Once after a hot a sticky day painting the inside bedroom of bungalow 2 I had to wash in the sea.

“I’m not doing any more work until you sort out the water” I told the brothers.

“You paint and then we order the water” Osmane said

“Yeah right like that’s going to happen” I downed tools

One day I was sick, the water had dried and  the plumber had not arrived for several days.  Being sick without being able to flush or have a shower was awful.   When Phil arrived at the build I’d had enough and let my feelings be known.  I said that if I wasn’t paying for the room I would expect delays but the fact that I was and working for them as well,  I expected some kind of reciprocation.

I left and headed out along the beach to have a wash, swim, get away from the whole situation and calm down.

“Where you going?” a young man fell in beside me

“To have a swim, we’ve had no water for 4 days now” I replied

“Where you stay?”

“Pweza, but we are Fundi (workers) not tourists”

“Ah I heard about you.  You stay long time and help Ame”

“Not for much longer if they don’t get the water fixed” I replied

“I am a plumber” he replied

“Really” I said in amazement  “Well then call Mohammed or go and see Phil and maybe they can get you to fix the problem” and headed off for a swim.  It’s amazing what a bikini can do!

He waited for me to come back then walked down to the bungalows with me.

“I’ve brought you a plumber” I said to Mohammed. “How come I can find one in 10 minutes when you still haven’t produced one in 4 days? I asked. He had no answer.

A pump and regulator was procured, the tank filled and by the next day we had a supply to the bungalow again.  The water pressure was great but the original plumbing was rubbish.  The  hand basin pipes sprung a leak and flooded the bathroom. Mohammed summoned a friend (not my plumber) who managed to fix the basin and break the toilet. Five days later the shower ran dry. Someone had forgotten to order water.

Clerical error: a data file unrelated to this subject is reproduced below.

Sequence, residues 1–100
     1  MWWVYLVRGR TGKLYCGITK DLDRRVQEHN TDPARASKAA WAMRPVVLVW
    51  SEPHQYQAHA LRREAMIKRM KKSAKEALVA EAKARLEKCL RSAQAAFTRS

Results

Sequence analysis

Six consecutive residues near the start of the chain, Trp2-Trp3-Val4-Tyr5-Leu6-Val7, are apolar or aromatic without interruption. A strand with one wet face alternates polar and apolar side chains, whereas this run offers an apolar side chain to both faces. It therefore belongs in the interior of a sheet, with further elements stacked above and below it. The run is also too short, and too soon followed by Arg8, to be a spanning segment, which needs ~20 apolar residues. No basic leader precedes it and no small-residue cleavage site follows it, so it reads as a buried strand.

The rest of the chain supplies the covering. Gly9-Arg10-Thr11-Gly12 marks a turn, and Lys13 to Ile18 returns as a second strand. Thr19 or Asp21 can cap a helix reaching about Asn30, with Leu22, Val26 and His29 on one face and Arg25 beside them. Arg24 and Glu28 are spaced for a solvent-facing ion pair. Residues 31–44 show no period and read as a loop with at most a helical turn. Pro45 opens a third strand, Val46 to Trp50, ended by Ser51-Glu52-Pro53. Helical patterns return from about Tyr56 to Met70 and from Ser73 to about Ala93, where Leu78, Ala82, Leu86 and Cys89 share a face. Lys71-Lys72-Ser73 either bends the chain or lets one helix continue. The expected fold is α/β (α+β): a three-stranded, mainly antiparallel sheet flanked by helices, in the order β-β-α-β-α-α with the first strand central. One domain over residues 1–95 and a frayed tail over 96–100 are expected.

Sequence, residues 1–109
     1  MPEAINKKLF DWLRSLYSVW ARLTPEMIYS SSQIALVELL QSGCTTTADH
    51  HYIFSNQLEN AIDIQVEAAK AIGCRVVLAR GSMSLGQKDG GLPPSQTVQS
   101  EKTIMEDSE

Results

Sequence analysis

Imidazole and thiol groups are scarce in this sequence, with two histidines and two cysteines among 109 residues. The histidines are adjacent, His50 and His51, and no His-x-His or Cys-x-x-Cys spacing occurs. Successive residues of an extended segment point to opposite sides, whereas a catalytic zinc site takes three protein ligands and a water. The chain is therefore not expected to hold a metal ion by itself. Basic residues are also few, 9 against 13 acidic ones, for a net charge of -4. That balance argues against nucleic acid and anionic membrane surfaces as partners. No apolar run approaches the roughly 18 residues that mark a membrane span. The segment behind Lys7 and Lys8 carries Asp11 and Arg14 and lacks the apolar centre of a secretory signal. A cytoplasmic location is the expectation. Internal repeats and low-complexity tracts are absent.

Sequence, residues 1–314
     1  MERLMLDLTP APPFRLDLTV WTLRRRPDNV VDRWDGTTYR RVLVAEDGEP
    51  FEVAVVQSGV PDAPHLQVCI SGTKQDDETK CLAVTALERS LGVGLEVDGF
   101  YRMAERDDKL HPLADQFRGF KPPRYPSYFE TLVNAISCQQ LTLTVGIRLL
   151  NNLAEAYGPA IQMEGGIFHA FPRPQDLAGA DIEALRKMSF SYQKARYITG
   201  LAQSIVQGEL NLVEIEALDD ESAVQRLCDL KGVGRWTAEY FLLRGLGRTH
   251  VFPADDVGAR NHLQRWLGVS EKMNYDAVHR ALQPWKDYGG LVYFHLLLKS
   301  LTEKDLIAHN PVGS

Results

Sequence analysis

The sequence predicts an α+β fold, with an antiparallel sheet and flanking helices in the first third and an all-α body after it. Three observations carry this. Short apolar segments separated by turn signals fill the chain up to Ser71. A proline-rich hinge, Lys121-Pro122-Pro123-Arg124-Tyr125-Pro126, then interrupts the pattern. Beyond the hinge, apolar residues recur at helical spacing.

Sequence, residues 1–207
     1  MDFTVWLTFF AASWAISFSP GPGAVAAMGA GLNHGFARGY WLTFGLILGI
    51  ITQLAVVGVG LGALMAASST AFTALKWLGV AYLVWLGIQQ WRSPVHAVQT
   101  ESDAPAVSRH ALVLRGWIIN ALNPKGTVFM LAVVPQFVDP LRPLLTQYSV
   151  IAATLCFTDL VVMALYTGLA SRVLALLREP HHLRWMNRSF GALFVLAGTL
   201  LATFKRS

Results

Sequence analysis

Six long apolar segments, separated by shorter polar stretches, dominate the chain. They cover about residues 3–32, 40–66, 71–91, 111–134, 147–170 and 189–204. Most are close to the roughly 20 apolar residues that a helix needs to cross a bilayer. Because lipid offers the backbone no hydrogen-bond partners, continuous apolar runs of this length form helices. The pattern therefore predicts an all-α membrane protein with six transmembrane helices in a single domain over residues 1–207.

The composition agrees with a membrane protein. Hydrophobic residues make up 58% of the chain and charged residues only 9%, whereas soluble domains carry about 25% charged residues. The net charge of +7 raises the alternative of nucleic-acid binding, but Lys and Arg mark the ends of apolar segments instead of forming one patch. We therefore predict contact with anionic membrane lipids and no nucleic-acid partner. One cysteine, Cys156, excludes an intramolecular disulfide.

A Word A Week Photograph Challenge – Traditional


Traditions.  We all have them whether it be cultural or personal.  These photos were taken in Peru of traditional dress and creating traditional crafts.

 

 

 

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Once a week I will dip into my old English Oxford dictionary and pick a word on the page that it falls open at.  The challenge is to post a photograph, poem, story – whatever the genre you like best to describe of what that word means to you. Put a link back to my challenge page so others can take part if they wish.

 

 

 

Do you have any photos, memories or stories of that you would like to share for this week’s challenge?

Mavis the Goat. The Beach Bungalow Build. Zanzibar. Part Five


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Mavis the Goat and Me

Goats are an inherent part of village life. They provide milk, cheese, food and eat rubbish. Unfortunately they also eat expensive shrubbery, make a lot of noise and if allowed to wander around crap everywhere. Most days we saw a herd walk through the compound from the village to the beach and often had to chase strays out who decided to linger and have a nibble on clothes/sleep on the balcony or take shelter from the rain. Phil had been trying for some time to get the brothers to build a fence with entrance gates around the compound to keep the animals out and re-divert the village people who used it as a rat run. It was only the threat of accommodating potential guests elsewhere due to security issues that galvanised them into finishing the project.

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“One day Phil announced that he was going to get a kid (baby goat) for Ame. The idea was to feed it up with restaurant scraps and then eat it. He spoke to an ex-student, Muhdi, who agreed to procure one for 50,000 shillings. That included transport for someone else to find the goat, collect it and then deliver it to Pweza, commission for the Muhdi plus expenses. Muhdi told Phil that the goat was in another village and that is why transport costs were part of the deal. Three days later the kid still had not materialised – Phil rang him.

“Where’s the goat?” he asked

“Just picked it up today. I bring tomorrow. Can you hear it crying? Everybody in the hostel thinks it is very cute but it is making a lot of noise” was the reply.

Another day and a half passed. Phil rang him again.

“Where’s the goat?”

“Ah the goat is crying all night and keeping everyone awake. I bring it today before the villagers decide enough is enough and eat it.”

Later that day Muhdi arrived by foot carrying a very cute kid which Phil named Mavis. Mavis was tied up out of the sun, refused to eat and bleated all day. The animal was very distressed. We consulted the assistant chef, Saiid, who was something of an expert on goats.